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Controversial wind turbine project moves forward  

Credit:  Christian Heilman | WDBJ7 | Jan 11, 2016 | www.wdbj7.com ~~

BOTETOURT COUNTY, Va. – A first of its kind wind turbine project is one step closer to reality tonight in Botetout County, but not without some controversy.

More than 50 people showed up to Central Academy Middle School in Botetout County. That’s where the county planning commission held a public hearing about the Rocky Forge Wind Project.

Apex Clean Energy is behind the plan. They’re a national company with a location in Charlottesville.

They want to build up to 25 turbines on North Mountain. That would generate enough electricity to provide about 20 thousand homes with power.

The planning commission unanimously gave the company a thumbs up for their plan after the hearing. The company, Apex, is pleased with the result, but it wasn’t without some heated moments during public comment.

Bill Van Velzer, who opposes the project, said, “We’re talking about turning Botetourt County away from the attributes that have drawn people here forever.”

Sherry Crumley, who supports the project, said, “We in Botetourt County could lead the way in wind energy in Virginia. We can be in the forefront of improving our environment. Let’s move ahead. ”

Charlie Johnson, Development Manager, Apex, said, “Well obviously we think it’s a great decision. This means a lot for Botetout County and for our company as well. ”

The company says it could be the first wind energy project in Virginia. Even though the planning commission gave them the thumbs up, there is still another vote. Botetout County’s board of supervisors gets the final say at its meeting January 26 at 6 PM.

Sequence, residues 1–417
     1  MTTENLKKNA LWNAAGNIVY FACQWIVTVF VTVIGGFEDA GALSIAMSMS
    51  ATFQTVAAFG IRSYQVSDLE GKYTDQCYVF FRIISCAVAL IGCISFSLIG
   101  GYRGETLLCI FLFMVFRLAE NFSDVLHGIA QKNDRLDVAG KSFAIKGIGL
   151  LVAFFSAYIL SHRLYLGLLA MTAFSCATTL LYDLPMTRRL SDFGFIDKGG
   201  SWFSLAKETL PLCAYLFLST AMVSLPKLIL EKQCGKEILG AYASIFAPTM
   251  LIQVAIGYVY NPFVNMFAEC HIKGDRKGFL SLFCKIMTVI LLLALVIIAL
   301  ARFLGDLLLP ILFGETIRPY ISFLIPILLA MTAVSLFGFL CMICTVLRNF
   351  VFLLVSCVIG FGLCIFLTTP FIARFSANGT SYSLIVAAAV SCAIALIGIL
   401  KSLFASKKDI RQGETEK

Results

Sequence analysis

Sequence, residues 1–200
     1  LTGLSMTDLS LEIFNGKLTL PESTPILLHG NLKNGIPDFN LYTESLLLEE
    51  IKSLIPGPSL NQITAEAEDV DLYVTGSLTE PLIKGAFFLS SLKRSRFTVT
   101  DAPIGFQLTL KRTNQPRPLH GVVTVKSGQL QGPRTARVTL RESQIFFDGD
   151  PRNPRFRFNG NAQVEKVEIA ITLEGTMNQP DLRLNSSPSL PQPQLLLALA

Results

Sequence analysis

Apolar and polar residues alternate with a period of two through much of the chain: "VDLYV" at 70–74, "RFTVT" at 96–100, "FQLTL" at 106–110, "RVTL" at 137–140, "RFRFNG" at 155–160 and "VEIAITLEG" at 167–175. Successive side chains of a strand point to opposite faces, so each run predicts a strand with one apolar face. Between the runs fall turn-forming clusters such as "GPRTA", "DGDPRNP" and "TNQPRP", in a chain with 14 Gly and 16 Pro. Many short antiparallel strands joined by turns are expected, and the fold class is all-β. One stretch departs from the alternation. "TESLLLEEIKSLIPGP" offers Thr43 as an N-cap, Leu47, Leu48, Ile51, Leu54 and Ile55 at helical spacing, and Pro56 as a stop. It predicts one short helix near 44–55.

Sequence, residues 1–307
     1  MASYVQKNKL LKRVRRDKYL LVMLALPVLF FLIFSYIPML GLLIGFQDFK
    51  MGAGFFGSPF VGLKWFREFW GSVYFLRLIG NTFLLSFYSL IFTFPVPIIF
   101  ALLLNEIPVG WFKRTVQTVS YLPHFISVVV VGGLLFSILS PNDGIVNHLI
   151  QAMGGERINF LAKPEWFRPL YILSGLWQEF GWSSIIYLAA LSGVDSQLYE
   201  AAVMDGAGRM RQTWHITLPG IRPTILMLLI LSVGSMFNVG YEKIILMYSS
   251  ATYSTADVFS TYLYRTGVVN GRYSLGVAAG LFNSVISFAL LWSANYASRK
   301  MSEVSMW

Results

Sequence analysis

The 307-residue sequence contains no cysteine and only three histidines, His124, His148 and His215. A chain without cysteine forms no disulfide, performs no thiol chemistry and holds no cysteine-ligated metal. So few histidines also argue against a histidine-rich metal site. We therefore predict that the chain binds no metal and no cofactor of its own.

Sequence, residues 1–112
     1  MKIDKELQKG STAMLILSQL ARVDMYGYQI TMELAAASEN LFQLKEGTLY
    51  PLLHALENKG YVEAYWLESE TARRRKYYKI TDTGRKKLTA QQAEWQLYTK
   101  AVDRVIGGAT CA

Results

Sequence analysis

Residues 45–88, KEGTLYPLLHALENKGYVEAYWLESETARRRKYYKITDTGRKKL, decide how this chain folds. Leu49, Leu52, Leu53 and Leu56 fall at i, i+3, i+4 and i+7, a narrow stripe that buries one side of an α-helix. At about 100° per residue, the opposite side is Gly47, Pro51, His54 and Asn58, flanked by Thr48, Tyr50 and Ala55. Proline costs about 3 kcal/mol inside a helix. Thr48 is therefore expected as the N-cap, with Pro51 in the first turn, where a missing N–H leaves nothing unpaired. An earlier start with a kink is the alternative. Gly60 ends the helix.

If all goes as planned, the wind turbines could be operating by the end of 2017.

Source:  Christian Heilman | WDBJ7 | Jan 11, 2016 | www.wdbj7.com

This article is the work of the source indicated. Any opinions expressed in it are not necessarily those of National Wind Watch.

The copyright of this article resides with the author or publisher indicated. As part of its noncommercial effort to present the environmental, social, scientific, and economic issues of large-scale wind power development to a global audience seeking such information, National Wind Watch endeavors to observe “fair use” as provided for in section 107 of U.S. Copyright Law and similar “fair dealing” provisions of the copyright laws of other nations. Send requests to excerpt, general inquiries, and comments via e-mail.

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